AND then there were four. Two good teams, two sides that got a bit lucky, managed their tournament well and worked their way through. If it turns out to be Belgium v England, then the Premier League’s grandees will be making merry, for it will be two teams of Premier players fighting it out for the game’s greatest prize.
There’s been a lot of nonsense written about England’s success, that this is some form of turning point in the rebirth of the national team. It may well prove to be the case, but the sentiment surrounding the team, Gareth Southgate and this World Cup is based on the fact England have not screwed-up this time. For once, maybe for the first time ever, they have outperformed. Like 1990, though, they have rode the luck of the draw. In 1990, it was Egypt, Belgium and Cameroon, this time it’s Tunisia, Panama, Colombia and Sweden. Never mind, they have come unstuck enough times in the past.
There’s one reason why, whatever happens, Southgate and his charges will return home to a hero’s welcome – there is no hubris. Southgate has managed the media, the team, expectations and himself superbly. And the team is unassuming, responsive and good natured. Compare that to past England World Cup campaigns in the Beckham era, all WAGS, claims of “we’re the Golden Generation” and underperformance, and it was little wonder people were tired of an era that was characterised by empty boasts and hollow displays. This England team, fairly modest it may be, has given everything and it is now two games away from winning the competition.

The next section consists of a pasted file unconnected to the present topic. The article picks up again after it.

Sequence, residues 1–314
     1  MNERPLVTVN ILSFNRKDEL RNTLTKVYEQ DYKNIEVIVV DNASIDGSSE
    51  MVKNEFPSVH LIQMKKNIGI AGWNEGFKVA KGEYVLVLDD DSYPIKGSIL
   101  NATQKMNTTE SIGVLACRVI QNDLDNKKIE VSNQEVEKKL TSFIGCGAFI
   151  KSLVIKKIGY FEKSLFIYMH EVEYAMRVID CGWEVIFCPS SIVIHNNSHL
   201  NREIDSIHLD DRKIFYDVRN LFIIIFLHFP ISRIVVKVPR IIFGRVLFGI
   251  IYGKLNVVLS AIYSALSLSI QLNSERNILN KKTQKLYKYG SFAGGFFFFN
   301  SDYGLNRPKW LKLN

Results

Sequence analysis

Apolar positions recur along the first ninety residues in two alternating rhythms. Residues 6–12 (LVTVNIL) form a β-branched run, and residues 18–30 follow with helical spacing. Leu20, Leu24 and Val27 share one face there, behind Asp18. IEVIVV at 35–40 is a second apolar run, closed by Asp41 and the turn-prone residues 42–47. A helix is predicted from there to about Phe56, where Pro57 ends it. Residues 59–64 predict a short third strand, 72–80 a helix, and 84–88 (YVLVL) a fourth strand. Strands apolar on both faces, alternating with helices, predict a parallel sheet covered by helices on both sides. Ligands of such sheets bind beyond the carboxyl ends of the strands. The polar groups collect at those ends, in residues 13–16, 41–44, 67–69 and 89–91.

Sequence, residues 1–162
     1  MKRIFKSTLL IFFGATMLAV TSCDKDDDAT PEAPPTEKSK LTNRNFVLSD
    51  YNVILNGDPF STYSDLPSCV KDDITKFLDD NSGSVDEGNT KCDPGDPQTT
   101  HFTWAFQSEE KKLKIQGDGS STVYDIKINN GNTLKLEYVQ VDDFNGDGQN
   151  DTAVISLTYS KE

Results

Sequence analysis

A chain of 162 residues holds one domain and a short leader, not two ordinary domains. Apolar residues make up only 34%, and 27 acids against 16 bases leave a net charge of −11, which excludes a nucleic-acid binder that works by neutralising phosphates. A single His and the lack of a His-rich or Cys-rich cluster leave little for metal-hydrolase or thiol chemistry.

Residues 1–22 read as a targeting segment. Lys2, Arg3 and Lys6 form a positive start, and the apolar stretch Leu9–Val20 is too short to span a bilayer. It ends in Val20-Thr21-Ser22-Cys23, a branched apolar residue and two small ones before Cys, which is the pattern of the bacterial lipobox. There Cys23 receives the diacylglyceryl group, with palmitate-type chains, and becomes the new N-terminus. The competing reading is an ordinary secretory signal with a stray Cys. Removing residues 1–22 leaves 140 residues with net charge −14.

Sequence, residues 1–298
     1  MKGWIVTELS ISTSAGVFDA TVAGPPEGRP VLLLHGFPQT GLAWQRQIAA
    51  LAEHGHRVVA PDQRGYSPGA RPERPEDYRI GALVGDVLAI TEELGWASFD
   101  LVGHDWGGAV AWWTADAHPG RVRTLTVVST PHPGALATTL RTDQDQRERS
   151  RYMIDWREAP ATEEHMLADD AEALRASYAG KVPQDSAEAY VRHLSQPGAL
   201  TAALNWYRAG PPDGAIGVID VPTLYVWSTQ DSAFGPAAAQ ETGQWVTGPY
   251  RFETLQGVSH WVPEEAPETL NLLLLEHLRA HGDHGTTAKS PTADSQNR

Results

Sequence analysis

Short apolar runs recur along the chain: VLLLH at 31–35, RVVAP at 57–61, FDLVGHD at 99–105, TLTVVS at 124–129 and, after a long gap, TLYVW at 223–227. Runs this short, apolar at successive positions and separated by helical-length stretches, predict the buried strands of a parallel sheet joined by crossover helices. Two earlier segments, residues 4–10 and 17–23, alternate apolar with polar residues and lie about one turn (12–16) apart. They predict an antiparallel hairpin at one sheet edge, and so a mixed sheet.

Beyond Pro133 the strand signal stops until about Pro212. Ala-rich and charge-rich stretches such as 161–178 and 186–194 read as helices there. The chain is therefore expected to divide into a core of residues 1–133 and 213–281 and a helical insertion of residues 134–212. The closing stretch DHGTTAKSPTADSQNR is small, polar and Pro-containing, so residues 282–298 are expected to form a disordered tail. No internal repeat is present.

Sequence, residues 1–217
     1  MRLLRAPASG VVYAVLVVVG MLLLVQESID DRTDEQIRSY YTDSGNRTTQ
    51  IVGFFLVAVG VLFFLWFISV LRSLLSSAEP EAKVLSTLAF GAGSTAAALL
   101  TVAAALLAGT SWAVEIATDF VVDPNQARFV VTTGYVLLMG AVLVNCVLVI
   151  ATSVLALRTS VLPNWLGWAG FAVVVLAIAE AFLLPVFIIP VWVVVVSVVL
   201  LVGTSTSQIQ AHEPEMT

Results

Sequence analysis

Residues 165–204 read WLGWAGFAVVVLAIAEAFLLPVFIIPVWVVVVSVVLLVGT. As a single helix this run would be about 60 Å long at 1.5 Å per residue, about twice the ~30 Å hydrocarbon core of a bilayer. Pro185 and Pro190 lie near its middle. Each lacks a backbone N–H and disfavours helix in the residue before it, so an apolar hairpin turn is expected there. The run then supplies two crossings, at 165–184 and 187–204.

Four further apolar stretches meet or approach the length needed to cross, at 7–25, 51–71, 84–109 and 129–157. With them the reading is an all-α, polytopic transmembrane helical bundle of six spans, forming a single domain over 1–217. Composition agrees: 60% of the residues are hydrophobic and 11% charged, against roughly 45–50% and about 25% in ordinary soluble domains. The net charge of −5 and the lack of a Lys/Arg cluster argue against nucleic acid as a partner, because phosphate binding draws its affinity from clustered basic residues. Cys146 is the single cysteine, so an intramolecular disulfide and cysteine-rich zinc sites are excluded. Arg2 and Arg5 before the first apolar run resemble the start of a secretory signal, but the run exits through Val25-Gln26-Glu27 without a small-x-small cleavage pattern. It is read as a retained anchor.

That may be too much to expect, for France and Belgium are better equipped and indeed, Croatia have Modric and Rakitic. They are, arguably, better than most people think, which means for the first time, England will be up against a decent side. Chances will have to be made, taken and buried in the back of the net. Proper chances, not set pieces.
Who will win the big clash of neighbours, France and Belgium? France have improved game-by-game and they certainly have the big-game players, but the same applies to Belgium, who have the considerable feather in the cap of beating Brazil. It’s a tough one to call, but GOTP is opting for a Belgium v England final on July 15.
As for the departed teams, Russia just fell short, but they should be pleased. Uruguay, too, were better than more celebrated South Americans. Sweden were difficult but uninspiring. As for Brazil, Neymar lost his chance of making his name in the World Cup. He may never get to do that.
With Germany, Argentina, Brazil and Spain all going home earlier than they anticipated, this has been an interesting competition – pleasingly without trouble – that may yet have a twist or two in the tale. How good it would be to have a new name on the trophy, but equally for any Englishman, how wonderful if, for once, expectations could be exceeded.